It's not necessarily difficult to replace nothing.
"Or almost nothing," says Richard Inzunza, manager of the Northern High Yield Fixed Income Fund, of the notoriously skimpy yields offered from U.S. Treasury and investment-grade corporate bonds. "If investors are seeking to replace the income they once got from top-quality issues, high yield may be a compelling way to do it."
Some investors won't have a choice. To fund retirements and meet actuarial obligations, individuals and institutions need bonds that have the potential to generate a meaningful yield. "You probably can't sit in cash or low-yielding bonds and meet your future obligations," Inzunza reminds. "Unless you win the lottery."
Appears to be in good shape
Though high yield bonds took a major hit during the financial crisis, default rates quickly receded. In fact, defaults among sub-investment grade credits are below the group's long-run average despite an anemic economic recovery and chronic geopolitical jitters.1
"That speaks well for how the businesses are being run," Inzunza says. "They've cut costs, reduced leverage and resisted the urge to get aggressive before economic conditions warrant. We believe there is real value in the high yield sector."
Literally. High yield bonds, as measured by the FINRA-Bloomberg Corporate Bond Index, have provided a roughly four percentage point cushion over the nation's 2.9% inflation rate.2 By contrast, the investment-grade component of the FINRA-Bloomberg Index has yielded only about one percentage point after inflation3 while real yields on 10-year Treasury securities are negative.4
Middle of the road
Inzunza generally positions the Fund near the center of the high yield credit spectrum. He moved heavily into BB-rated bonds last year and shifted into single B's and better quality CCC's to start the year now that the economy is gaining traction. Eventually, he expects demand to develop for lower quality CCC issuers, but the market is not there — yet.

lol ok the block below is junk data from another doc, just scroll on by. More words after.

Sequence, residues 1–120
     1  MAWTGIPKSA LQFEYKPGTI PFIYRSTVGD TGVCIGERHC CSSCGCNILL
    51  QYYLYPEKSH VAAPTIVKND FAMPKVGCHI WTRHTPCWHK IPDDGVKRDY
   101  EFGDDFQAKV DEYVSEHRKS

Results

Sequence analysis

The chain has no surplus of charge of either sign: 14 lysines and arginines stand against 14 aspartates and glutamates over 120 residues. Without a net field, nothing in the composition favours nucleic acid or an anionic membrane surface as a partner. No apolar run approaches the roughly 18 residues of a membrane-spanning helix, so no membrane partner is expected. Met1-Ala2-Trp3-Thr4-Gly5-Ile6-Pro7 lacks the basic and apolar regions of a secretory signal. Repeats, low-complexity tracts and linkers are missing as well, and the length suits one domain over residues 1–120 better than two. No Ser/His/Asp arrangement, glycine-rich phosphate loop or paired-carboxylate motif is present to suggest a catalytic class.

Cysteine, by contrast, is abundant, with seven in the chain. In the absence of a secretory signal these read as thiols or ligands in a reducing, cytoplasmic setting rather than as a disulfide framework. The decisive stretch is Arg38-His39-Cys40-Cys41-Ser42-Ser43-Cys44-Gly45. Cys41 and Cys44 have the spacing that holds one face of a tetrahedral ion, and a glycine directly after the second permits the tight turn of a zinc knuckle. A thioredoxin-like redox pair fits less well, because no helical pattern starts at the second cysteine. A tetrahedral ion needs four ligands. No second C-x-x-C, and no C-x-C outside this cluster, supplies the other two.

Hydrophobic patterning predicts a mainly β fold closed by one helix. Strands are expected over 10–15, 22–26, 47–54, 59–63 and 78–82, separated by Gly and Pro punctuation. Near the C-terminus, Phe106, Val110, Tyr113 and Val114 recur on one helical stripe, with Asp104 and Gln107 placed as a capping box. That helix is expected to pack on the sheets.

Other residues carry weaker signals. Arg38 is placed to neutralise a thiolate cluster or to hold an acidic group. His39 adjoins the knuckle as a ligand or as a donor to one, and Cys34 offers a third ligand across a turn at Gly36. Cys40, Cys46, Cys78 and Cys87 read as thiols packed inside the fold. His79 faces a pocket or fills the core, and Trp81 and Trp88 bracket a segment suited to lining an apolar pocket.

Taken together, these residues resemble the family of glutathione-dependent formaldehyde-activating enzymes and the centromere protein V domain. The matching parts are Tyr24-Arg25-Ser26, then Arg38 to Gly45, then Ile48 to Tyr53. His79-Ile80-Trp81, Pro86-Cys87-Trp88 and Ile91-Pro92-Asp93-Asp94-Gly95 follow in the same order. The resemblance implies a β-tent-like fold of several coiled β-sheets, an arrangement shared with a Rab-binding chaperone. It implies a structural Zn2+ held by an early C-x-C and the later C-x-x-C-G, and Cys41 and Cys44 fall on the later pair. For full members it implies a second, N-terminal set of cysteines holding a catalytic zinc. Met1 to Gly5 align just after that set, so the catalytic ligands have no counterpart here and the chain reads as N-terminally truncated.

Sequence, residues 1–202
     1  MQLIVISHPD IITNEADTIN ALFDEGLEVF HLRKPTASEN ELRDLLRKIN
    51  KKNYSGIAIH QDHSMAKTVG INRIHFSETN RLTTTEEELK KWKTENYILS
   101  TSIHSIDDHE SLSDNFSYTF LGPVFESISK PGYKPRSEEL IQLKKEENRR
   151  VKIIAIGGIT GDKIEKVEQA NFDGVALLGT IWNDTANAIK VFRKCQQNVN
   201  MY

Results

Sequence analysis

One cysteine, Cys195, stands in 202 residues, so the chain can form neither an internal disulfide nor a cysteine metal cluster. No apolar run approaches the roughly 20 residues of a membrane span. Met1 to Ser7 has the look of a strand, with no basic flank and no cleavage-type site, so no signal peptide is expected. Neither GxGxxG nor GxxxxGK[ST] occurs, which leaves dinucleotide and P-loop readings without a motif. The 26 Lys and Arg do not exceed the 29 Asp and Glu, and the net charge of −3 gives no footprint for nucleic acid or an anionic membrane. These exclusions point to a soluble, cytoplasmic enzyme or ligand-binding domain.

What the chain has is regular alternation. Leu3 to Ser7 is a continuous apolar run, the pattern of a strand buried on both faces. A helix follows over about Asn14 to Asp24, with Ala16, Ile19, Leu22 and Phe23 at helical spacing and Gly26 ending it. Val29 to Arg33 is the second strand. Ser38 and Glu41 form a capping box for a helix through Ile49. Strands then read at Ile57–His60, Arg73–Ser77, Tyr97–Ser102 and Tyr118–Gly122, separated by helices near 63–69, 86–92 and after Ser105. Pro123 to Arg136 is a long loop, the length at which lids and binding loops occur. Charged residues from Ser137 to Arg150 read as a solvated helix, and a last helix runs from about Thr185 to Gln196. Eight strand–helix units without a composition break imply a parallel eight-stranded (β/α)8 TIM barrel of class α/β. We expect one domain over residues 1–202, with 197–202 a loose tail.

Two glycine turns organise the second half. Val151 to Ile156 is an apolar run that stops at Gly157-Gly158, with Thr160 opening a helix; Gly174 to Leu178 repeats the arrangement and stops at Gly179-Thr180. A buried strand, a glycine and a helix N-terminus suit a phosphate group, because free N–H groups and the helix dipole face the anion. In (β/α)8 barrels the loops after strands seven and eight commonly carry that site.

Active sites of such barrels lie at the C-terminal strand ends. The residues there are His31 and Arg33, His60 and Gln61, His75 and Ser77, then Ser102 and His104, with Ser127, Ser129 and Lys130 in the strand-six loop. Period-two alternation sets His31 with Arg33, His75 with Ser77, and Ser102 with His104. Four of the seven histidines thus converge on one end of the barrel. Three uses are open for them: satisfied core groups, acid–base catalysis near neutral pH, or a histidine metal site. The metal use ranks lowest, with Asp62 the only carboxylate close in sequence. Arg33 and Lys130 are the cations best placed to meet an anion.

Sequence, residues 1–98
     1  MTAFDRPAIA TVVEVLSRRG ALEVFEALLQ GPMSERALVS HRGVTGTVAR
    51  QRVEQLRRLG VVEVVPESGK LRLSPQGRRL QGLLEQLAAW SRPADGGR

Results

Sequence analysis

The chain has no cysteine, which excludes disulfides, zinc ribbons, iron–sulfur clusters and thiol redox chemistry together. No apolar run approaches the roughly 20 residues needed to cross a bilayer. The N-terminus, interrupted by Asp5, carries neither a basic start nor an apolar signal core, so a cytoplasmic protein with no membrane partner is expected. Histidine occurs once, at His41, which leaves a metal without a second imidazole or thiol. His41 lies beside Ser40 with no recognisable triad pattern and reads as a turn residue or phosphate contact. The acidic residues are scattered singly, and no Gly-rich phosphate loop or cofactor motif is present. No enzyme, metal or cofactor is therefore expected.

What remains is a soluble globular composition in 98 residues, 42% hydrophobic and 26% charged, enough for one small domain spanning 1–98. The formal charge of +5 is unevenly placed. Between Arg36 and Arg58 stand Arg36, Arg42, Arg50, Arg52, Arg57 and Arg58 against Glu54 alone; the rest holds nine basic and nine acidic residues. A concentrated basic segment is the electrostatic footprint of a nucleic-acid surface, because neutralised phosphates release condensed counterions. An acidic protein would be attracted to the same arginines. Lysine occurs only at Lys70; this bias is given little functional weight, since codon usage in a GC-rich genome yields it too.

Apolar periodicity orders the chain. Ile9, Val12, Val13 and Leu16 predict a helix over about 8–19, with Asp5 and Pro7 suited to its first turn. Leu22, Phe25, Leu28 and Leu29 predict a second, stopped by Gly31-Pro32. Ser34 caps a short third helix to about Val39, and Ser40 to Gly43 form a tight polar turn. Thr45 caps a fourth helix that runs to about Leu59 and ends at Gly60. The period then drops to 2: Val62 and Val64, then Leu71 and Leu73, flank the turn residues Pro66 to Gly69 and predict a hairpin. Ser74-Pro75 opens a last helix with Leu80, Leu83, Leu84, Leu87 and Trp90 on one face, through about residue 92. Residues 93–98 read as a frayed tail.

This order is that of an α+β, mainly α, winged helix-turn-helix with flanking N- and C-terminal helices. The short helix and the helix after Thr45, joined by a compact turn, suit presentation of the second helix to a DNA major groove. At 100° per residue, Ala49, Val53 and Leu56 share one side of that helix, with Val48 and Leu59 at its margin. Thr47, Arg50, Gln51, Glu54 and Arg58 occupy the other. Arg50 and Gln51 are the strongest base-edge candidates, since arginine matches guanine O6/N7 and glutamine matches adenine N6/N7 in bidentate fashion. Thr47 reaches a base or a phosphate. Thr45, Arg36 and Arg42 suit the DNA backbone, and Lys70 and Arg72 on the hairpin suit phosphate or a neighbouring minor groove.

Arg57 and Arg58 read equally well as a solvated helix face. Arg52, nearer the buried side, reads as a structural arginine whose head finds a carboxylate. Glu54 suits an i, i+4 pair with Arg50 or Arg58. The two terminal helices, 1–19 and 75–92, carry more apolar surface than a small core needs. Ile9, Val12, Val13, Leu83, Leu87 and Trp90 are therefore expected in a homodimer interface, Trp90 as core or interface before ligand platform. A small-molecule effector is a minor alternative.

"The central focus of this Fund is in-depth, proprietary credit research," he says. "We merge top-down analysis with bottom-up, fundamental due diligence."
The results are apparent in the Fund's default rate during Inzunza's five-year stewardship: Zero.
No promises, of course, but Inzunza aims to keep it that way.
"We don't strive to be the top-performing high yield fund in every environment," he says. "Our shareholders want yield, but not at the expense of getting paid back."
Because some things can't be replaced.
Past performance is no guarantee of future performance.
Bond Risk: Bond funds will tend to experience smaller fluctuations in value than stock funds. However, investors in any bond fund should anticipate fluctuations in price, especially for longer-term issues and in environments of rising interest rates.
High Yield Risk: Although a high yield fund's yield may be higher than that of fixed income funds that purchase higher-rated securities, the potentially higher yield is a function of the greater risk that a high yield fund's share price will decline.
Bond Ratings: Based on Standard and Poor's nomenclature, speculative grade bonds range from BB+ (considered highest speculative grade by market participants) to as low as D (currently in default), speculative grade bonds typically compensate for the additional risk with high yields. Bonds rated BBB- and higher (to AAA+) are considered investment grade. Ratings are relative and subjective and are not absolute standards of quality.
1 Standard & Poor's; March 2, 2012
2 The New York Times March 22, 2012; The Economist, March 24, 2012
3 The New York Times March 22, 2012; The Economist, March 24, 2012
4 The Economist, March 24, 2012